REVOLUTIONARY ERA (1960 A.D. - 1970 A.D.)
    The Sixties were a time of many movements: civil rights, student rights, Vietnam, and the counterculture. The nation experienced numerous assassinations and saw the beginning of alarming trends such as mass murder and serial murder. The number of police officers killed in the line of duty became a concern as about 100 a year seemed to become the average (along with 300 citizens a year killed by police). Despite wars on poverty and on crime, the crime rates tripled during these years. For the police, they had to deal once again with major urban rioting, and at least one Commission, The National Advisory Commission on Civil Disorders (1968), blamed the police for starting the riots (by escalating routine traffic stops with their racism and abrasiveness). The police had lost whatever legitimacy they once had. Even the Supreme Court was punishing them. Mapp v. Ohio (1961) handcuffed the police with the exclusionary rule. Miranda v. Arizona (1968) required them to read criminals their rights from little cards. The death penalty was abolished from 1967 to 1977.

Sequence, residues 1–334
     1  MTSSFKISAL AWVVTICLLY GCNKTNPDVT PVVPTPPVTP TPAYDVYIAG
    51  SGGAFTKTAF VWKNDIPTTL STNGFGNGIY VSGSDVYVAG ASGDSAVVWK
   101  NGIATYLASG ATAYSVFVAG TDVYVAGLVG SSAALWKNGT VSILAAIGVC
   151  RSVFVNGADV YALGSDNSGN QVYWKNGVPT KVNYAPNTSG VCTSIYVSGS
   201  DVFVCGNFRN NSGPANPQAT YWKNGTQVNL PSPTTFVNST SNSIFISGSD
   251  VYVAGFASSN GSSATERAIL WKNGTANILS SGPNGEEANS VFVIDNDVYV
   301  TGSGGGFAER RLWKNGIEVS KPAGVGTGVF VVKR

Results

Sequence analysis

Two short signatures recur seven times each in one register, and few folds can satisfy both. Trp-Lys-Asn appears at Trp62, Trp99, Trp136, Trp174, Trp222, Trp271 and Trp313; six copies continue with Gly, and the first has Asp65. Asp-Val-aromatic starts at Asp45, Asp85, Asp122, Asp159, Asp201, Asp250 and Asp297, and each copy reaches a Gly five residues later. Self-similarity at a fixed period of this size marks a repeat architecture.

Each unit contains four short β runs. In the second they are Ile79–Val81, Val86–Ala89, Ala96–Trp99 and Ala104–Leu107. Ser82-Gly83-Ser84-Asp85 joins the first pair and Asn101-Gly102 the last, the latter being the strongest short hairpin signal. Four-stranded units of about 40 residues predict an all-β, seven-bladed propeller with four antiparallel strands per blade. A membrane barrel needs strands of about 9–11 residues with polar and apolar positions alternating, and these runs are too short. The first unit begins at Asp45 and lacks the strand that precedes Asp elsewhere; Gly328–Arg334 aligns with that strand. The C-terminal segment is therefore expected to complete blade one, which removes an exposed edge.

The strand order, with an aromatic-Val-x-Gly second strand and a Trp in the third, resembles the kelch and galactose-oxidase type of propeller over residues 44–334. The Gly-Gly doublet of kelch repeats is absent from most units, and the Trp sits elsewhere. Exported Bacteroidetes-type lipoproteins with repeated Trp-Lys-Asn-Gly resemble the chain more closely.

One of the most influential Commissions in criminal justice was the President's Commission on Law Enforcement and Administration of Justice, sometimes referred to as the President's Commission. It was formed in 1965 by President Johnson, and it issued several reports in 1967.  In those days, colleges that offered criminal justice courses only had these reports to use as textbooks. These reports were known as Task Force reports because each one addressed a specific area of criminal justice. The executive summary was called The Challenge of Crime in a Free Society. The Task Force reports were extremely critical and influential. They provided a model for the overhaul of the criminal justice system, in fact, the only model, since no one had ever created one before. It was the "gun" model found in the opening pages of almost every criminal justice textbook today. The reports popularized the phrase "criminal justice system" and provided such a body of knowledge that colleges and universities soon began creating (by 1974 at least) 2-year and 4-year programs in criminal justice. Computerized police information systems (NCIC, SEARCH) were also created about this time period.  Interest grew for emerging fields such as police planning or criminal justice planning, and most academic programs called Administration of Justice were designed for producing such careerists.